Friday, January 11, 2013

"Uncle John's Band"

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"Uncle John's Band" - Grateful Dead


Lyrics:



Well the first days are the hardest days, don't you worry any more,
'Cause when life looks like Easy Street, there is danger at your door.
Think this through with me, let me know your mind,
Wo, oh, what I want to know, is are you kind?

 

It's a buck dancer's choice my friend; better take my advice.
You know all the rules by now and the fire from the ice.
Will you come with me? Won't you come with me?
Wo, oh, what I want to know, will you come with me?

 

Goddamn, well I declare, have you seen the like?
Their wall are built of cannonballs, their motto is "DON'T TREAD ON ME".
Come hear Uncle John'n Band playing to the tide,
Come with me, or go alone, he's come to take his children home.

 

It's the same story the crow told me; it's the only one he knows.
Like the morning sun you come and like the wind you go.
Ain't no time to hate, barely time to wait,
Wo, oh, what I want to know, where does the time go?

 

I live in a silver mine and I call it Beggar's Tomb;
I got me a violin and I beg you call the tune,
anybody's choice, I can hear your voice.
Wo, oh, what I want to know, how does the song go?

 

Come hear Uncle John's Band by the riverside,
Got some things to talk about, here beside the rising tide.

 

Come hear Uncle John's Band playing to the tide,
Come on along, or go alone, he's come to take his children home.
Wo, oh, what I want to know, how does the song go. 




...


What could "Uncle John's Band" possibly mean?  Where do its lyrics come from?

http://wiki.answers.com/Q/What_is_the_meaning_of_the_lyrics_to_the_Grateful_Dead_song_Uncle_John%27s_Band_written_by_Robert_Hunter#

http://en.wikipedia.org/wiki/Uncle_John%27s_Band

     (Take special note of the "weasel words" section of the wikipedia article)




     It's a buck dancer's choice my friend; better take my advice.
     You know all the rules by now and the fire from the ice.




CTRL+click to listen in a new tab!
"Buck  Dancer's Choice" - New Lost City Ramblers (1963)


Q:  "What're you doing?"

A:  "I'm spooning!"



...


Robert Frost (1874–1963).  Miscellaneous Poems (1920).
2. Fire and Ice
(From Harper’s Magazine, December 1920.)

SOME say the world will end in fire,
Some say in ice.
From what I’ve tasted of desire
I hold with those who favor fire.
But if it had to perish twice,        5
I think I know enough of hate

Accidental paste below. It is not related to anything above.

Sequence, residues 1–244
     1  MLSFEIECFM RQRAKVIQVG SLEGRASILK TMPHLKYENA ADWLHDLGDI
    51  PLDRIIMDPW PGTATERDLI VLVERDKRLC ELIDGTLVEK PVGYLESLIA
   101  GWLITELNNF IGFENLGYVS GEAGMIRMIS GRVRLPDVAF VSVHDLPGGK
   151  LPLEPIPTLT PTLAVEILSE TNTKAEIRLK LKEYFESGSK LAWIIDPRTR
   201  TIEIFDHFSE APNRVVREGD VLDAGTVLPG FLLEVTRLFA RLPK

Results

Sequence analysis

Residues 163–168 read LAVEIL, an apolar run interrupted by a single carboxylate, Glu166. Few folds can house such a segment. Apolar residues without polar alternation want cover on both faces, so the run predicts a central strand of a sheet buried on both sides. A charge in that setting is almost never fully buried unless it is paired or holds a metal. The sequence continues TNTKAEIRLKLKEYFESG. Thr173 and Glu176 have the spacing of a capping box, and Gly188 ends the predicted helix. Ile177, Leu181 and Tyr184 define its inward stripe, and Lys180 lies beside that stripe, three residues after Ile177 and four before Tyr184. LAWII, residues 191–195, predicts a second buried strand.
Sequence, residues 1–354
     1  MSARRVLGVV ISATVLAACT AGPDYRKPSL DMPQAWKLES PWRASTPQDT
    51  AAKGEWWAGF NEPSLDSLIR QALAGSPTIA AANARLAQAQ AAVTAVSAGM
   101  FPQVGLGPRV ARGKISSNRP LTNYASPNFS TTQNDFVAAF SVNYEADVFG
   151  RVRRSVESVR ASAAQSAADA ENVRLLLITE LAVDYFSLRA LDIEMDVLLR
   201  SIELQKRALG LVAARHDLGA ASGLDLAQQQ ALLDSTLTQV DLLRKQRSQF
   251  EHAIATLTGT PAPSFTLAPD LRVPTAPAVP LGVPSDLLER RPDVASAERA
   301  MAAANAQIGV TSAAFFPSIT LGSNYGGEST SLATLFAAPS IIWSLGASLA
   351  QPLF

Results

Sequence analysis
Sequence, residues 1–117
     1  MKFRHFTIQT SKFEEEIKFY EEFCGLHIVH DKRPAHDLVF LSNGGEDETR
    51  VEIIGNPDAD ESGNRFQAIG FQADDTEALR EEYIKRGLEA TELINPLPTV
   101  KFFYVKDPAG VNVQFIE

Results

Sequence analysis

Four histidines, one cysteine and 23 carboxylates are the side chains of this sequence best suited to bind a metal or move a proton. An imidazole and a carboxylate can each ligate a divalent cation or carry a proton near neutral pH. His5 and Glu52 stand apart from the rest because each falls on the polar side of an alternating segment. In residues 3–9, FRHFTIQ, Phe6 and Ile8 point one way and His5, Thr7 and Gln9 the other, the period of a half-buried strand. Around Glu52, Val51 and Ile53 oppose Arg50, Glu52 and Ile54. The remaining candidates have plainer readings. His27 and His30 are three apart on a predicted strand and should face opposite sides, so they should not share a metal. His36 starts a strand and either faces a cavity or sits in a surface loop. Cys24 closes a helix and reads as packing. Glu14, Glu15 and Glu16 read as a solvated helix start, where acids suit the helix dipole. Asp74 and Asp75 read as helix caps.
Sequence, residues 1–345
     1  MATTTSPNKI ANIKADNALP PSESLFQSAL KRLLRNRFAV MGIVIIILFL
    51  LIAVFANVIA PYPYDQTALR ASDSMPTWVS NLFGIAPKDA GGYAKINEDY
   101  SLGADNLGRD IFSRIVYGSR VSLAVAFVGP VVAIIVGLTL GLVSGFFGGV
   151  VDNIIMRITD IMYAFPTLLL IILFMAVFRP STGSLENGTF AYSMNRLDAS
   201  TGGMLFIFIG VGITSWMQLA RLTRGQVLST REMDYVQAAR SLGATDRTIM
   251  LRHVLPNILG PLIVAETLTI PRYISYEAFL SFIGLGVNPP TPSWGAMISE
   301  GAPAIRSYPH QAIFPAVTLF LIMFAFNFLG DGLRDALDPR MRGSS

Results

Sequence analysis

To know that for destruction ice
Is also great
And would suffice.





...


Buckdancer’s Choice

By James L. Dickey

  
 
So I would hear out those lungs,   
The air split into nine levels,
Some gift of tongues of the whistler


In the invalid’s bed: my mother,   
Warbling all day to herself
The thousand variations of one song;


It is called Buckdancer’s Choice.   
For years, they have all been dying   
Out, the classic buck-and-wing men


Of traveling minstrel shows;   
With them also an old woman   
Was dying of breathless angina,


Yet still found breath enough   
To whistle up in my head   
A sight like a one-man band,


Freed black, with cymbals at heel,   
An ex-slave who thrivingly danced   
To the ring of his own clashing light


Through the thousand variations of one song   
All day to my mother’s prone music,   
The invalid’s warbler’s note,


While I crept close to the wall   
Sock-footed, to hear the sounds alter,   
Her tongue like a mockingbird’s break


Through stratum after stratum of a tone   
Proclaiming what choices there are   
For the last dancers of their kind,


For ill women and for all slaves
Of death, and children enchanted at walls   
With a brass-beating glow underfoot,


Not dancing but nearly risen   
Through barnlike, theatrelike houses   
On the wings of the buck and wing.

...

James Dickey, “Buckdancer’s Choice” from The Whole Motion: Collected Poems 1945-1992. Copyright © 1992 by James Dickey. Reprinted with the permission of Wesleyan University Press, www.wesleyan.edu/wespress.


Source: James Dickey: The Selected Poems (Wesleyan University Press, 1998) 


(full Buckdancer's Choice collection available here)

...

"How to Tap Dance the Buck and Wing"


...



Buckdancer's Choice (1965) is a collection of poems by James Dickey. It won the U.S. National Book Award for Poetry[1] Melville Cane Award in 1966.

The opening poem, "The Firebombing," relates a World War II pilot's memory of a night air raid on Beppu, Japan. The New York Times reviewer Joseph Bennett called it "one of the most important long poems written postwar."

In the poem "Buckdancer's Choice," the narrator listens as his mother, dying of emphysema in an adjacent room, whistles an old fiddle tune. The poem first appeared in The New Yorker for June 19, 1965, alongside "Hapworth 16, 1924", the last published story by J. D. Salinger.


...


http://www.dailymail.co.uk/news/article-1246881/Why-did-J-D-Salinger-spend-60-years-hiding-shed-writing-love-notes-teenage-girls.html



and

[see post "Water Of Love"]



...



     Goddamn, well I declare, have you seen the like?
     Their wall are built of cannonballs, their motto is "DON'T TREAD ON ME".






Read this: 

 http://constitution.org/abus/le/miac-strategic-report.pdf

http://www.infowars.com/man-detained-for-displaying-don%E2%80%99t-tread-on-me-bumper-sticker/


Watch this:

"Glenn Beck and Penn Jillette talk about the MIAC report implicating libertarians as possible members of militias and domestic terrorists"

Ron Paul to Glenn Beck "You are getting brave here" On Gadsden "Snake" Flag
  
Glenn Beck - FEMA Camps - "They're making me say this.. help!!!" 


CTRL+click to watch clip in a new tab!

"Help me, Sharon!" from South Park S16E8: "Sarcastaball" 

(full episode available here)


...

For more information abour FEMA camps,



...

http://www.guardian.co.uk/media/greenslade/2011/jun/30/rupert-murdoch-newsinternational





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